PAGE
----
Painting by Herbert Roe courtesy Wikimedia Commons.

Kentucky wins fight with Ohio over Indian Head Rock

We’ve talked about people stealing archaeological artifacts before here on Gadling, but the theft of an eight-ton rock has got to be some sort of record, especially considering that it was underwater.

A boulder called Indian Head Rock used to poke out of the Ohio River near the Kentucky side and was a popular place to visit. Boatmen in the nineteenth century used it as a guidepost, and locals would swim out to it to carve their names on it have their picture taken. This woman posed for a photo circa 1903.

Indian Head Rock gets its name from a mysterious face on it that some people believe is an ancient petroglyph carved by a prehistoric Native American.

The rock became submerged in the 1920s when the river was dammed, but low rainfall made it visible again in 2005. In 2007 a group of Ohioans pulled the rock out and brought it to Ohio, claiming that it was in danger and should be conserved.

This brought an angry response from Kentucky, with even the legislature getting in on the act and demanding its return. The Ohio legislature shot back a resolution claiming it was a part of Ohio history. The guys who took the rock faced a variety of charges ranging from antiquities theft to dredging without a license. Some of those charges have been dropped, but the rock hunters are still entangled in legal battles and are likely to face some sort of punishment for their actions.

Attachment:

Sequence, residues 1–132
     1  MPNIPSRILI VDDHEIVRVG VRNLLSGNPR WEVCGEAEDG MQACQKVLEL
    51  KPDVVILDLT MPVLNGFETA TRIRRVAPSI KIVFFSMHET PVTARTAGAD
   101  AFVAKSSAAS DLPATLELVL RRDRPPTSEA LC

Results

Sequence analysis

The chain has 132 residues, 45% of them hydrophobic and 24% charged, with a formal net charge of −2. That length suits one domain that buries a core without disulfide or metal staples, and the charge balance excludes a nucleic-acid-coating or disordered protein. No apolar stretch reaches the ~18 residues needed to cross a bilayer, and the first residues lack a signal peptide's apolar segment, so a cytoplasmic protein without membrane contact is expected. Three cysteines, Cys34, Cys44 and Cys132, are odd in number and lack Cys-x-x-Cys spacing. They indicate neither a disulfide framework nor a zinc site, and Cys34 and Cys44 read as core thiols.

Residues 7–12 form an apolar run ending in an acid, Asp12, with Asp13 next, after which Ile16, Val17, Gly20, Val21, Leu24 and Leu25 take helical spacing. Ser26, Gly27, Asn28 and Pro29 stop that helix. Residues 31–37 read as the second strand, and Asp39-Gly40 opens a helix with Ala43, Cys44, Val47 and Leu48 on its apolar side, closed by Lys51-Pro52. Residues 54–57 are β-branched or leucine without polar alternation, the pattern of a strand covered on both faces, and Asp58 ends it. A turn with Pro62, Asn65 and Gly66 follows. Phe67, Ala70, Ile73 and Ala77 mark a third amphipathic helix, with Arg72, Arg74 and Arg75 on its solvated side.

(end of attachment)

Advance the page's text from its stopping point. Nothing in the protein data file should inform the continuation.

Kentucky sued to get the rock back and it has now been returned. Sadly, it hasn’t been returned to its original location since archaeologists say the site has been “compromised”.

Scratch off yet another historic spot from the landscape.

[Photo of Indian Head Rock courtesy Billy Massie via Wikimedia Commons. Historic photo courtesy user Stepshep via Wikimedia Commons]